It’s hard to walk around Washington, D.C. without stepping on a think tank. One estimate is that Washington has over 400 think tanks and that there are almost 2,000 nationwide. Some have a partial rural focus (The Aspen Institute and Brookings Institution, for example) – most do not. Most are nonprofits, but federal agencies also have research divisions such as the Economic Research Service at USDA.
A newer and smaller but very interesting nonprofit think tank is the Economic Innovation Group (EIG). Several tech and financial leaders founded the organization in 2015.
According to their site, EIG is a “…bipartisan public policy organization that combines innovative research and data-driven advocacy to address America’s most pressing economic challenges.” EIG also claims to be “A national leader in bringing geographic inequality into the national conversation.”
Very recently EIG began a research series on rural America. In “Redefining Rural,” a paper written by Kennedy O’Dell and published March 9, EIG found that rural places in the US mostly lag behind non-rural places on almost all measures of economic health and prosperity. Major findings were:
• The average poverty rate in rural areas is nearly three percentage points higher than in non-rural areas. The biggest gap between rural and non-rural welfare is in the South.
• From 2014 to 2018, 43.4% of rural counties experienced negative employment growth compared with just 16.5% of non-rural counties.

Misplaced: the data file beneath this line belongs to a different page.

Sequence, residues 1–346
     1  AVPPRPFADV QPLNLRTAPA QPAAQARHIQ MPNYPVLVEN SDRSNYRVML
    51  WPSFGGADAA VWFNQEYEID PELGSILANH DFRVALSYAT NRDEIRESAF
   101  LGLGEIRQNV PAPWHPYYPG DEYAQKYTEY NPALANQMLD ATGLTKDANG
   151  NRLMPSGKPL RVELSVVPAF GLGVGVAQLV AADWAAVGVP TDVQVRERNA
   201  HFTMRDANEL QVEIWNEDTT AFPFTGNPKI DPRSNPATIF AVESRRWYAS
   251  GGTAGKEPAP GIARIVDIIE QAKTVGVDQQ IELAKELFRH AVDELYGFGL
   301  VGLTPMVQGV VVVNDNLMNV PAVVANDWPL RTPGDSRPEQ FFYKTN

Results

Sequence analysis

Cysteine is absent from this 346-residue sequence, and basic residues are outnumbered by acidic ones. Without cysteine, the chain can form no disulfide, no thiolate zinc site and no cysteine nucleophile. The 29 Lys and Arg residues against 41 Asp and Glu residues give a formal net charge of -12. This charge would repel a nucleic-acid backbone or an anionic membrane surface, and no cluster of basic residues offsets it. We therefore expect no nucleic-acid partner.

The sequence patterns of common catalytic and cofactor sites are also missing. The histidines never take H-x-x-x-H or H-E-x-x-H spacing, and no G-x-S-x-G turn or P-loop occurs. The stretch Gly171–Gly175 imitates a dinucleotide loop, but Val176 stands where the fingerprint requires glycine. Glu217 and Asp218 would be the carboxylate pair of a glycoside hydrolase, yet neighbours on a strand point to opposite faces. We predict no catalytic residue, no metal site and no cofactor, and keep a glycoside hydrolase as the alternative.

• 91% of rural counties saw a decline in their prime working-age population from 2010 to 2019. Over half lost 10% or more.
• The biggest age cohort in rural America is 55-64, compared to 25-34 in non-rural areas.
• Economically distressed counties are home to more than half of rural Black residents and 45% of rural Native American residents, but only 18% of rural whites.
• Rural counties with a recreation focus are usually the most prosperous. One in four rural counties that are the most prosperous is recreation-dependent.
Distressed Communities Index
Perhaps EIG’s most useful and innovative tool is the annual Distressed Communities Index. The fourth edition of the Index came out in October 2020. The DCI looks at every zip code in the US and considered the following percentages:
- The population 25 years old and older that lacks a high school diploma or the equivalent.
- Unoccupied habitable housing, except for seasonal and recreational properties.
- The population ages 25-54 population that are not currently employed.
- The population living under the poverty line.
- Median household income as a ratio or percent of metro area median household income (or state, for non-metro areas).
- The change in the number of jobs from 2014 to 2018.
- The change in the number of business establishments from 2014 to 2018.
With that data in hand, communities are ranked in five quintiles: distressed, at-risk, mid-tier, comfortable, or prosperous.
The latest DCI’s section on rural America stated that “Many small towns and rural areas have experienced relative decline since 2000. Relative to the rest of the nation, economic well-being has ebbed for small towns and rural areas since the turn of the century. The number of rural zip codes decreased nationally by 6.8% from the 2000 [Distressed Communities Index] to the 2020 DCI as the country grew and sprawled…The population living in distressed rural zip codes increased by 12.7% as more rural zip codes fell into the bottom tier, symbolizing the loss in relative economic standing many rural areas have suffered this century.”